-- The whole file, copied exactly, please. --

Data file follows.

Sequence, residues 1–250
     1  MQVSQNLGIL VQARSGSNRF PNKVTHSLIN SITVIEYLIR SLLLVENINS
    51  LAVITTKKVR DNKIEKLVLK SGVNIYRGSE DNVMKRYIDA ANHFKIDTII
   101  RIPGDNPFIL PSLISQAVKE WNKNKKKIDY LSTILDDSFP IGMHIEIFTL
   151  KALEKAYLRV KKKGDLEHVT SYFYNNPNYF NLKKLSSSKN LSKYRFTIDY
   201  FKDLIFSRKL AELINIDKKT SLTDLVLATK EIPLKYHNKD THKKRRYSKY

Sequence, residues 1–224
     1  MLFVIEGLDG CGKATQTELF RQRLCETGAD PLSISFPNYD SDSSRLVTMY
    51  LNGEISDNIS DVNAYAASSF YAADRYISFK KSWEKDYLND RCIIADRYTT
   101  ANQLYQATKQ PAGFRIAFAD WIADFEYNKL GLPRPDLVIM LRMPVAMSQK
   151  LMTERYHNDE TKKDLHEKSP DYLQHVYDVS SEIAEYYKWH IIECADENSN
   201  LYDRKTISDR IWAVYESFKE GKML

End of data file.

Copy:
Sequence, residues 1–250
     1  MQVSQNLGIL VQARSGSNRF PNKVTHSLIN SITVIEYLIR SLLLVENINS
    51  LAVITTKKVR DNKIEKLVLK SGVNIYRGSE DNVMKRYIDA ANHFKIDTII
   101  RIPGDNPFIL PSLISQAVKE WNKNKKKIDY LSTILDDSFP IGMHIEIFTL
   151  KALEKAYLRV KKKGDLEHVT SYFYNNPNYF NLKKLSSSKN LSKYRFTIDY
   201  FKDLIFSRKL AELINIDKKT SLTDLVLATK EIPLKYHNKD THKKRRYSKY

Sequence, residues 1–224
     1  MLFVIEGLDG CGKATQTELF RQRLCETGAD PLSISFPNYD SDSSRLVTMY
    51  LNGEISDNIS DVNAYAASSF YAADRYISFK KSWEKDYLND RCIIADRYTT
   101  ANQLYQATKQ PAGFRIAFAD WIADFEYNKL GLPRPDLVIM LRMPVAMSQK
   151  LMTERYHNDE TKKDLHEKSP DYLQHVYDVS SEIAEYYKWH IIECADENSN
   201  LYDRKTISDR IWAVYESFKE GKML